Integrated community case management and community-based health planning and services: a cross sectional study on the effectiveness of the national implementation for the treatment of malaria, diarrhoea and pneumonia.


Ferrer, BE; Webster, J; Bruce, J; Narh-Bana, SA; Narh, CT; Allotey, NK; Glover, R; Bart-Plange, C; Sagoe-Moses, I; Malm, K; Gyapong, M; (2016) Integrated community case management and community-based health planning and services: a cross sectional study on the effectiveness of the national implementation for the treatment of malaria, diarrhoea and pneumonia. Malar J, 15 (1). p. 340. ISSN 1475-2875 DOI: 10.1186/s12936-016-1380-9

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Abstract

OBJECTIVE: Understanding the fertility of HIV-positive women is critical to estimating HIV epidemic trends from surveillance data and planning resource needs and coverage of prevention-of-mother-to-child transmission services in sub-Saharan Africa. In light of the considerable scale-up in antiretroviral therapy (ART) coverage over the last decade, we conducted a systematic review of the impact of ART on the fertility outcomes of HIV-positive women.<br/> METHODS: We searched Medline, Embase, Popline, PubMed and African Index Medicus. Studies were included if they were conducted in sub-Saharan Africa and provided estimates of fertility outcomes (live births or pregnancies) among women on ART relative to a comparison group.<br/> RESULTS: Of 2070 unique references, 18 published papers met all eligibility criteria. Comparisons fell into four categories: fertility of HIV-positive women relative to HIV-negative women; fertility of HIV-positive women on ART compared to those not yet on ART; fertility differences by duration on ART; and temporal trends in fertility among HIV-positive women. Evidence indicates that fertility increases after approximately the first year on ART, and that while the fertility deficit of HIV-positive women is shrinking, their fertility remains below that of HIV-negative women. These findings, however, were based on limited data mostly during the period 2005-2010 when ART scaled up.<br/> CONCLUSIONS: Existing data are insufficient to characterize how ART has affected the fertility of HIV-positive women in sub-Saharan Africa. Improving evidence about fertility among women on ART is an urgent priority for planning HIV resource needs and understanding HIV epidemic trends. Alternative data sources such as antenatal clinic data, general population cohorts and population-based surveys can be harnessed to understand the issue. This article is protected by copyright. All rights reserved.<br/> BACKGROUND: Ghana has developed two main community-based strategies that aim to increase access to quality treatment for malaria, diarrhoea and pneumonia: the Home-based Care (HBC) and the Community-based Health Planning and Services (CHPS). The objective was to assess the effectiveness of HBC and CHPS on utilization, appropriate treatment given and users' satisfaction for the treatment of malaria, diarrhoea and pneumonia.<br/> METHODS: A household survey was conducted 2 and 8 years after implementation of HBC in the Volta and Northern Regions of Ghana, respectively. The study population was carers of children under-five who had fever, diarrhoea and/or cough in the last 2 weeks prior to the interview. HBC and CHPS utilization were assessed based on treatment-seeking behaviour when the child was sick. Appropriate treatment was based on adherence to national guidelines and satisfaction was based on the perceptions of the carers after the treatment-seeking visit.<br/> RESULTS: HBC utilization was 17.3 and 1.0 % in the Volta and Northern Regions respectively, while CHPS utilization in the same regions was 11.8 and 31.3 %, with large variation among districts. Regarding appropriate treatment of uncomplicated malaria, 36.7 % (n = 17) and 19.4 % (n = 1) of malaria cases were treated with ACT under the HBC in the Volta and Northern Regions respectively, and 14.7 % (n = 7) and 7.4 % (n = 26) under the CHPS in the Volta and Northern Regions. Regarding diarrhoea, 7.6 % (n = 4) of the children diagnosed with diarrhoea received oral rehydration salts (ORS) or were referred under the HBC in the Volta Region and 22.1 % (n = 6) and 5.6 % (n = 8) under the CHPS in the Volta and Northern Regions. Regarding suspected pneumonia, CHPS in the Northern Region gave the most appropriate treatment with 33.0 % (n = 4) of suspected cases receiving amoxicillin. Users of CHPS in the Volta Region were the most satisfied (97.7 % were satisfied or very satisfied) when compared with those of the HBC and of the Northern Region.<br/> CONCLUSIONS: HBC showed greater utilization by children under-five years of age in the Volta Region while CHPS was more utilized in the Northern Region. Utilization of HBC contributed to prompt treatment of fever in the Volta Region. Appropriate treatment for the three diseases was low in the HBC and CHPS, in both regions. Users were generally satisfied with the CHPS and HBC services.<br/>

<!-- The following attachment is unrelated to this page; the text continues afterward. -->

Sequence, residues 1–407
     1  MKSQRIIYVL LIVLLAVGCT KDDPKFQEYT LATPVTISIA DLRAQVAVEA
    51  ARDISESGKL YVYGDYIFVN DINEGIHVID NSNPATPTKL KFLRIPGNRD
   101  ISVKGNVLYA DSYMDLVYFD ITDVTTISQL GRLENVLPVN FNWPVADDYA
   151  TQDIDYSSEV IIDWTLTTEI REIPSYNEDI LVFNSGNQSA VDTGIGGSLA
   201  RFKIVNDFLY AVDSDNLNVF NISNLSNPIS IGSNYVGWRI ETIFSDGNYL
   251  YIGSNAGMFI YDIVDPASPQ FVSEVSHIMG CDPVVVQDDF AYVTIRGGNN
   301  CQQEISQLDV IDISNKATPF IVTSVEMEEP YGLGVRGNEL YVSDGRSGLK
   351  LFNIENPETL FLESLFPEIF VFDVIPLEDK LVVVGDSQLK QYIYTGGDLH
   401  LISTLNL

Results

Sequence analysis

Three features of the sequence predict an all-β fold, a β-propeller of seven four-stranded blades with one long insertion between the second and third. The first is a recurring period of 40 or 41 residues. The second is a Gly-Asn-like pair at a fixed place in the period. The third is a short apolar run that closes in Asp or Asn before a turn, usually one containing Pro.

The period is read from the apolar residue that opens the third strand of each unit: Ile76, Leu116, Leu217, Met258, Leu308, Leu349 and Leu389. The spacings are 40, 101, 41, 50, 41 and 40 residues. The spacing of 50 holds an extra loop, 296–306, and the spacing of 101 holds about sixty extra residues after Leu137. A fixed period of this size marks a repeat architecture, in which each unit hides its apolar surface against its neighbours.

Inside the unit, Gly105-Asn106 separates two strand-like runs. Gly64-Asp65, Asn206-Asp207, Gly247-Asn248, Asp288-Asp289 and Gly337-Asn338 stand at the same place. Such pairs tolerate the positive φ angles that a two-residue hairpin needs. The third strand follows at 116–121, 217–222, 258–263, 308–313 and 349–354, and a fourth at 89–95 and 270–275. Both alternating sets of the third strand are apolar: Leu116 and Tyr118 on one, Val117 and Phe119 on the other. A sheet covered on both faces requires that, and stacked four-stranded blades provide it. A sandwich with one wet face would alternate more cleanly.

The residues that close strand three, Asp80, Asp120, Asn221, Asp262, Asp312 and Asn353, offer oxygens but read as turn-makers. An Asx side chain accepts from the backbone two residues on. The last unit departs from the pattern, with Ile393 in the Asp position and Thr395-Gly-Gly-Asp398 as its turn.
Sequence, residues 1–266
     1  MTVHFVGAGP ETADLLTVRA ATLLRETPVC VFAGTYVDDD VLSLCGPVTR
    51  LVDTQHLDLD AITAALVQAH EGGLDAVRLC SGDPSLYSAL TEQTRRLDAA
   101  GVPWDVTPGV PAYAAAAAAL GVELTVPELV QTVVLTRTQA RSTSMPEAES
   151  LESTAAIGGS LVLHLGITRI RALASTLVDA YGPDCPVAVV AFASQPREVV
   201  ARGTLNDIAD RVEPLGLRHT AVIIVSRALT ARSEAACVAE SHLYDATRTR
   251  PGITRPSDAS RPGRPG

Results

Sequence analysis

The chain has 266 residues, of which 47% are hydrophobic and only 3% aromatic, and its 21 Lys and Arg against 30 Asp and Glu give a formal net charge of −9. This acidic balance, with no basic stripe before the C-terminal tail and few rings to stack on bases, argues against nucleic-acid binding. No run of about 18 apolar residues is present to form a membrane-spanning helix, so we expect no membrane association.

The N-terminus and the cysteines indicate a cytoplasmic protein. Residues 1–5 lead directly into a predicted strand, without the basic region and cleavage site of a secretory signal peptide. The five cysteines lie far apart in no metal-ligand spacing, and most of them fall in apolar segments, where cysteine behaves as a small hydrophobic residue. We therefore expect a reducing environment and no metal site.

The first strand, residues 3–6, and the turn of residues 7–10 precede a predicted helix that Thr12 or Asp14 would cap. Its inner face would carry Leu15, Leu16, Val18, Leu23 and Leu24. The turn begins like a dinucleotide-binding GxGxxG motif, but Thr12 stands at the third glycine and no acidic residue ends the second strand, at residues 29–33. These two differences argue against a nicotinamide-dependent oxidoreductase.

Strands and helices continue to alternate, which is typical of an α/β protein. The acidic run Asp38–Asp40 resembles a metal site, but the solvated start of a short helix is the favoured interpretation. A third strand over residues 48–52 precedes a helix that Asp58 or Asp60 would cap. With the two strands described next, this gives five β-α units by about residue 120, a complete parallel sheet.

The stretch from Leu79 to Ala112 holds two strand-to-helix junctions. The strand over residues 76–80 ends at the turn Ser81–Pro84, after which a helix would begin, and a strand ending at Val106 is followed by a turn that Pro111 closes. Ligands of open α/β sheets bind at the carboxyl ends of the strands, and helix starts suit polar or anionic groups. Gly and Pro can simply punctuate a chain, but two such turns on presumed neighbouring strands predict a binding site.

Item Type: Article
Faculty and Department: Faculty of Infectious and Tropical Diseases > Dept of Disease Control
Research Centre: Malaria Centre
PubMed ID: 27371259
Web of Science ID: 378830800002
URI: http://researchonline.lshtm.ac.uk/id/eprint/2572573

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